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Drama students at Inverness College and local acting stalwarts have lined up to take part in a Highland film version of one of literature’s best-loved tales.Other members of the cast include Iona Thomson and Shanzie Kennedy.
The vast majority of the cast are now in place for Celtic Jane – The Diaries of Jane McIver, which is being made by Great Glen Film Arts.
The story is inspired by Charlotte Brontë's novel Jane Eyre, but is set just after World WarI in the Highlands. (...)
The adult Jane will be played by 18-year-old Amy Hasson (picture) from Fortrose, a drama student at Inverness College.
Director Clive Malcouronne said Amy was a star in the making.
'She is just ideal,' he said.
'She has got a lovely face and very expressive eyes. She could just pick up the dialogue and really bring it to life.
'Her screen test was full of feeling and emotion -- it was exactly what I wanted.'
A leading man aged 30-40 is still being sought to play the hero, Captain Andrew Ross, and severe headmaster the Rev Blandford-Grant.
Mr Malcouronne, 74, is also on the hunt for suitable locations before filming starts in the new year.
He said: 'Captain Ross needs to be fairly handsome. He is charismatic and also the subject of quite dark moods.
'We have got to find an old-fashioned school suitable for the 1920s and we also need a very large house which will fit in with the period.'
Mr Malcouronne, of Cabrich, near Inverness, said he decided to write the screenplay because Jane Eyre was a novel that had intrigued him for most of his life. (Laura Paterson / Rita Campbell)
Celebrations were held at the weekend to mark 200 years since the Reverend Patrick Brontë, father of the famous literary sisters, married Maria Branwell.The Herald publishes a summary of 2012 in Scottish theatre, including the all-male version of Wuthering Heights premiered in Glasgow:
A full peal of bells was attempted at two churches significant to the Brontës on Saturday – firstly at Guiseley Parish Church, where the original wedding ceremony took place, and later at Haworth Parish Church, where Patrick Brontë was vicar from 1820 to 1861.
A band of ringers from the Yorkshire Association of Change Ringers were drafted in to help and organise the full peal at both churches.
A full peal consists of 5,040 changes and takes about three hours to complete. It requires great concentration from the ringers, because any mistake can invalidate the performance.
Simon Burnett, the bell captain at Haworth, where the six bells were installed by Patrick Brontë in 1845, said that the attempts at both churches had been successful.
He added: “It’s only the 20th full peal on these bells, which were installed in 1845. Patrick Brontë actually raised the money for them to be installed. So to complete a full peal this weekend was quite an achievement.
“It took us two hours and 47 minutes, with 5,040 changes and three different methods. It’s quite a feat of concentration as there must be no repetition of a particular sequence of bells.”
It was exactly 200 years to the day since the Brontë wedding that the demanding full peal, involving nearly three hours of constant bell ringing, was attempted twice.
Tucked away in Arches Live!, Peter McMaster's quirky, affecting all-male Wuthering Heights went where few pieces of performance have gone for a long time: he looked at the changing roles and preconceptions of men in a post-feminist society. Clearly times have been a-changing, and work like this brings cogent debates centre-stage. (Mary Brennan)And The Saint Louis Times-Dispatch remembers the local dance proposals of the year:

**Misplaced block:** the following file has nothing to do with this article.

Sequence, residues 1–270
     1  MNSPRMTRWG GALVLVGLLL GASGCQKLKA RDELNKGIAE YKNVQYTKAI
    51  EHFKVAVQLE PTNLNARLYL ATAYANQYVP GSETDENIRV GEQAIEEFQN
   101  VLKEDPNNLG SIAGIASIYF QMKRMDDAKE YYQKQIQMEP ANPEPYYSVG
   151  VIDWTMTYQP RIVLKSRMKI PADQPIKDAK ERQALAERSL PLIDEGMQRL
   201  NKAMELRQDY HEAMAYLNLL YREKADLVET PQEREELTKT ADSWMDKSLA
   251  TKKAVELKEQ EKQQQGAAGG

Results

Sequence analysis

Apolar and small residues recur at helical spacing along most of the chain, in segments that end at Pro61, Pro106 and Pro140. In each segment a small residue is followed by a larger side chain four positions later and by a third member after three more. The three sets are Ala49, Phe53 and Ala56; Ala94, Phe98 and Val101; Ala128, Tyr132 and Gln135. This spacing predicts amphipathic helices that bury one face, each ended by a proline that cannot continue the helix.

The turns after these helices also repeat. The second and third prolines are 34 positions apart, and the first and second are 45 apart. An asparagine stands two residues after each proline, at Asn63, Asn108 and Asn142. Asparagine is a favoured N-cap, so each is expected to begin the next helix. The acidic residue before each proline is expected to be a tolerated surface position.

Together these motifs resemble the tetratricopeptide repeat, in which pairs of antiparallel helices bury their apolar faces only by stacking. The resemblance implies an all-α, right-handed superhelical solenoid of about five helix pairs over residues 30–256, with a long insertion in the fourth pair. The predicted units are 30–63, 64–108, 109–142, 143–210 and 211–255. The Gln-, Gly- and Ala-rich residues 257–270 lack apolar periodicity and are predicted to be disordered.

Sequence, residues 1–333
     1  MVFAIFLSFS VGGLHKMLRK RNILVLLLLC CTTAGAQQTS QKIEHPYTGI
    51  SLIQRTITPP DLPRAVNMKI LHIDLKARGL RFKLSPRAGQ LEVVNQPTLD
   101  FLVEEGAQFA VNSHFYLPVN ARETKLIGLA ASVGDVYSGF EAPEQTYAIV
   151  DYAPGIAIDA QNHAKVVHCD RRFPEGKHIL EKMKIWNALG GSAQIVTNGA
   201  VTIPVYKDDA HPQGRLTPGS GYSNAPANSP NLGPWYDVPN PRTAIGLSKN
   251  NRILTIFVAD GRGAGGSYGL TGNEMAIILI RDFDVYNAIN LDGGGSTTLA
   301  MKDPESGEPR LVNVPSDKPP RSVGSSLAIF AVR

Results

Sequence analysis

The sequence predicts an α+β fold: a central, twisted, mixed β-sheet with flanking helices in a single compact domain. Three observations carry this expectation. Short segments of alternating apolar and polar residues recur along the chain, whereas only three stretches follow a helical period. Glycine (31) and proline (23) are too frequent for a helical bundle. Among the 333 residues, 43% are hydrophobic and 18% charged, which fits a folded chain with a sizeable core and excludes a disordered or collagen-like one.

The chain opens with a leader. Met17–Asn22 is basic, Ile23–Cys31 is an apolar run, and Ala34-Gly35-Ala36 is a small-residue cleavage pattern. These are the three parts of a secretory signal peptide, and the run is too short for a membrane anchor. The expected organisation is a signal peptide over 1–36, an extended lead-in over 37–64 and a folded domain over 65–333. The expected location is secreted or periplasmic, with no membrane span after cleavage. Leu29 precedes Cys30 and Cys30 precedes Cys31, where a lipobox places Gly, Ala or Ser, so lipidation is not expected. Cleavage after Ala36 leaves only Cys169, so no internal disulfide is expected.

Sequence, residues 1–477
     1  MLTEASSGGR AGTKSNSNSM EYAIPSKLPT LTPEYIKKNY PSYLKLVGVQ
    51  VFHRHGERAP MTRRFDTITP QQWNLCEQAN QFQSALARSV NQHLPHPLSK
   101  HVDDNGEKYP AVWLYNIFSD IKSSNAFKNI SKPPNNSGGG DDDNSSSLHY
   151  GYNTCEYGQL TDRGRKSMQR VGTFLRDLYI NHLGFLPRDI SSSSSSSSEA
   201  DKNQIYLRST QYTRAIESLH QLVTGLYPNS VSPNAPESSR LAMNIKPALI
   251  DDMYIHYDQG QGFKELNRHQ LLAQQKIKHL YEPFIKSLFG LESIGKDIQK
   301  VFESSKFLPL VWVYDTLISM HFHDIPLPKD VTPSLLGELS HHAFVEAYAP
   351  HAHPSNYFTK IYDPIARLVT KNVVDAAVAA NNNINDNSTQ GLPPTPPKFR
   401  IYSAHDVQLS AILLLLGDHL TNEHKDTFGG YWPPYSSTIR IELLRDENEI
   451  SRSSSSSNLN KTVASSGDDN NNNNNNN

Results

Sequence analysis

In September, choreographer and St. Louis native Annie Loui brought her Counter-Balance Theater to the Edison Theatre for performances of “Jane Eyre,” her interpretation of the classic novel. The show was an imaginative adventure in storytelling through text and movement. (Calvin Wilson)The New York Times reviews a peformance by the comedian and singer Sandra Bernhard at Joe's Pub:
In one of my favorite bits Ms. Bernhard imagined Twitter posts exchanged by Jane Eyre with Nicki Minaj, and Joan of Arc with Snooki. The satire spoke for itself and didn’t need the kind of scornful editorial elaboration she might have added in earlier times. (Stephen Holden)
Literature mavens tease out real lives from the mischievous games authors have used to hide themselves. While we are well acquainted with the Brontë sisters today, they originally published under the names Currer, Ellis and Acton Bell. (Brooke Magnanti)Süddeutsche (Germany) reviews the film The Lost Moment (1947), the only film directed by Martin Gabel:
'The Lost Moment', 1947, schließt die Reihe phantomhafter Frauenmelos der Vierziger, 'Wuthering Heights', 'Jane Eyre', Hitchcocks 'Rebecca'. Frei nach Henry James, die 'Aspern Papers', und ein Shelley-Porträt figuriert als das des toten Dichters.The Border Mail talks about film adaptations of books:
Like Shakespeare, Dickens, Austen and the Brontës, Tolstoy can bear any number of fresh interpretations, and we've seen a few. (Sandra Hall)The Itinerant Medievalist interviews the writer Julia Klassen:
Most Christian Historical novels that I know of are set in America, what made you choose to set ‘The Tutor’s Daughter’ and some of your other novels in Britain or England?Mardecortésbaja, A Complicated Woman (in Spanish) and Sweet Fall (in Spanish, she also reviews Wuthering Heights 2011) review Jane Eyre 2011; The Frugal Chariot reviews Wide Sargasso Sea; Nessa News (in Portuguese) posts about Being Emily by Anne Donovan; Czasu coraz mniej, a książek coraz więcej (in Polish) reviews Agnes Grey; Ex/Elle has visited Yorkshire including Haworth; Oxford Erin reviews Black Spring by Alison Croggon.
Yes, all of my novels have been set in England so far, with The Tutor’s Daughter being set specifically in Cornwall. I have been fascinated with England ever since I read The Secret Gardenand Jane Eyre as a girl.